Oh the humanity!

Honestly, I don’t see the march towards free and open source salvation (or disaster depending on your point of view) stopping any time soon either. I’m not going to join the geeky hordes in calling this the ‘Year of the Linux Desktop’ – even though this year it seems somewhat more realistic than the last ten, but looking at the surroundings, it does give you pause for thought.

Some interesting things from my perspective:

1. Free and open source development is not slowing – people not getting directly paid for developing things hasn’t been a major stumbling block to this point.

2. The general public is getting more tech saavy. It doesn’t matter if they are switching to Macintosh. At least they are beginning to realize that there are completely viable non-Microsoft alternatives. While awareness is growing at what seems like a snail’s pace, it is growing – inexorably.

3. If Vista hasn’t been a failure, it sure hasn’t been the runaway success that it needed to be to maintain utter long term dominance.

4. Virtualization may make the choice obsolete. If I can run XP in VMWare, or XP in Parallels on a Mac, then the sacrifice of moving from one platform to another will vanish.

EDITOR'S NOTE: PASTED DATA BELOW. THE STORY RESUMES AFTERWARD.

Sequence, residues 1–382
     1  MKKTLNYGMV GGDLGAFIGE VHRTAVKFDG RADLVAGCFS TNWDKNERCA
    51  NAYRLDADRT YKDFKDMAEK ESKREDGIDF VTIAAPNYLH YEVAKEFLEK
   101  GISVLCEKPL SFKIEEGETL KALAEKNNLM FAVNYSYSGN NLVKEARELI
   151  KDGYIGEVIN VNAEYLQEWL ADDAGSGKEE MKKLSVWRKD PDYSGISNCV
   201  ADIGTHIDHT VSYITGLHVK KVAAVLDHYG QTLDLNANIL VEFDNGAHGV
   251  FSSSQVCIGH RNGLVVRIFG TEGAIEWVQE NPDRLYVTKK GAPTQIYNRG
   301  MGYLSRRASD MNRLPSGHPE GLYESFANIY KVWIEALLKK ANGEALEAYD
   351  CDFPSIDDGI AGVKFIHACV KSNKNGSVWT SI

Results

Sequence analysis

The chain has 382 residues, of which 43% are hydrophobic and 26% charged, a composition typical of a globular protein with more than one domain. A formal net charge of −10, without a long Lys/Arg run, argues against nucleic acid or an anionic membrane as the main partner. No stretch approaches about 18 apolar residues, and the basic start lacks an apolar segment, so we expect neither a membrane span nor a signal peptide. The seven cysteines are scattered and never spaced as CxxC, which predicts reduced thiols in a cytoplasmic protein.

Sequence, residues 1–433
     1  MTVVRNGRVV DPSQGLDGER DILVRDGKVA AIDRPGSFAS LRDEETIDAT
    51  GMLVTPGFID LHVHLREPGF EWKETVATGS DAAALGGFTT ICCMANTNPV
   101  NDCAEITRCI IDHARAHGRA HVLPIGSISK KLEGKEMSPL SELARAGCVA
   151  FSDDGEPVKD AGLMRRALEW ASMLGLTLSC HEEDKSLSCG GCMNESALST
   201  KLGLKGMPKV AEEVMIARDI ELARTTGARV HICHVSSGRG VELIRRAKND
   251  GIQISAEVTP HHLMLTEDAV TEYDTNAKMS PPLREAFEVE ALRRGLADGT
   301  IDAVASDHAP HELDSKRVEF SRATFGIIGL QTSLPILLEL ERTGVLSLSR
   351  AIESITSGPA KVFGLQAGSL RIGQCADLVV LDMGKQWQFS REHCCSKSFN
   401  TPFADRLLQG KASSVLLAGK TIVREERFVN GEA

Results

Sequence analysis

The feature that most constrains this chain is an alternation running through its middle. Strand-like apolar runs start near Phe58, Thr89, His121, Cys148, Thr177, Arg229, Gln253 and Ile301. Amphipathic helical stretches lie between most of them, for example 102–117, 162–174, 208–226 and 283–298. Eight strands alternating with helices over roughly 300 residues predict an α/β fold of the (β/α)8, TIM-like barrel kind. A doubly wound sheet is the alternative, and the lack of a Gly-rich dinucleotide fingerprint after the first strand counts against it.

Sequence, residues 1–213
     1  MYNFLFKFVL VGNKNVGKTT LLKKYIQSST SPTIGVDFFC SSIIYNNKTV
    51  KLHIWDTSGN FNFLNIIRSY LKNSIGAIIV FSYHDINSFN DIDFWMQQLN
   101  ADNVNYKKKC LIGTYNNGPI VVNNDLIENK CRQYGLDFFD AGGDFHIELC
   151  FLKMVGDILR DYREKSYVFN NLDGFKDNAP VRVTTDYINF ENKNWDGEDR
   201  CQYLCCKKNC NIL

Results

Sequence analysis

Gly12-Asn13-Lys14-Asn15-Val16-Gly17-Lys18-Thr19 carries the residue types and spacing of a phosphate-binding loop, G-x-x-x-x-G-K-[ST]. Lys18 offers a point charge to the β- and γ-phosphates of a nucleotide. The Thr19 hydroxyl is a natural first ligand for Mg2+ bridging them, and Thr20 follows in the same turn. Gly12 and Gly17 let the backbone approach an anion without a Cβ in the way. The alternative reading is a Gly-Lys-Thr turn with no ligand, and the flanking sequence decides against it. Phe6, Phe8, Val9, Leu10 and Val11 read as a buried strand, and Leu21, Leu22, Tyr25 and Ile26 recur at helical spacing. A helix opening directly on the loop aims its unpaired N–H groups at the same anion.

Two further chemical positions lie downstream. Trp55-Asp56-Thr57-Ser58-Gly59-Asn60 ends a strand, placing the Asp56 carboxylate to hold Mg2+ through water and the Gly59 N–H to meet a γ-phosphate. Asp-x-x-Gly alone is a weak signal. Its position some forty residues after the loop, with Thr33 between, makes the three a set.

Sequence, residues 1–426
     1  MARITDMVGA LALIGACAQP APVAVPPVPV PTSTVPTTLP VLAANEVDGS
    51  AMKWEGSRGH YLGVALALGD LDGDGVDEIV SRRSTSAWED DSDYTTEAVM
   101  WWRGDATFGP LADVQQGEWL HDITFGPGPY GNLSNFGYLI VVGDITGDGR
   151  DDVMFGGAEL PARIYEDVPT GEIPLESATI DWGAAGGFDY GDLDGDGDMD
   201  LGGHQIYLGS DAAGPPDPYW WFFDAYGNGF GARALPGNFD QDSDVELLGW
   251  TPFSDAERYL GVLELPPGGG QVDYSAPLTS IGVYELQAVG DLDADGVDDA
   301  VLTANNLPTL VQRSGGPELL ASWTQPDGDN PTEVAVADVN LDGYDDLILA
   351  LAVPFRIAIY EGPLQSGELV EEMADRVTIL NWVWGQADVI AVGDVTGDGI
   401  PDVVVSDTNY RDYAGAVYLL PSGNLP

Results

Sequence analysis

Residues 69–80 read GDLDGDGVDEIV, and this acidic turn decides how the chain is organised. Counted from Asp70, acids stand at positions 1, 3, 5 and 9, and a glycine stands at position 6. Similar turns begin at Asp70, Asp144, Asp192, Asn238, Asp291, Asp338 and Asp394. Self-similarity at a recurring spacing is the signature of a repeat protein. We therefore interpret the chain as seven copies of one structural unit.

5. The pace is relentless. Who can move faster? Microsoft, Apple or FOSS developers? Doesn’t releasing an OS every 5 years leave you a little hog-tied when technologies rise and fall so quickly? Apple sounds like it is trying to make some big steps with Leopard. It has to. I haven’t heard of one thing in Vista that could be considered a big step ahead. Linux will undoubtedly scramble, catch up and likely surpass Apple’s best efforts within a year anyway. Such is the tenacity of riled up developers when the gauntlet is thrown.

6. Free and open-source software is empowering the people who make and do interesting things. Open vs. closed models is becoming the big debate more and more often. Witness Silverlight v. Adobe.

7. If you can succeed as wildly as Ubuntu has, with a default brown theme, you can do just about anything! 😉

So the shark-jumping is not the end. It’s hopefully only the beginning.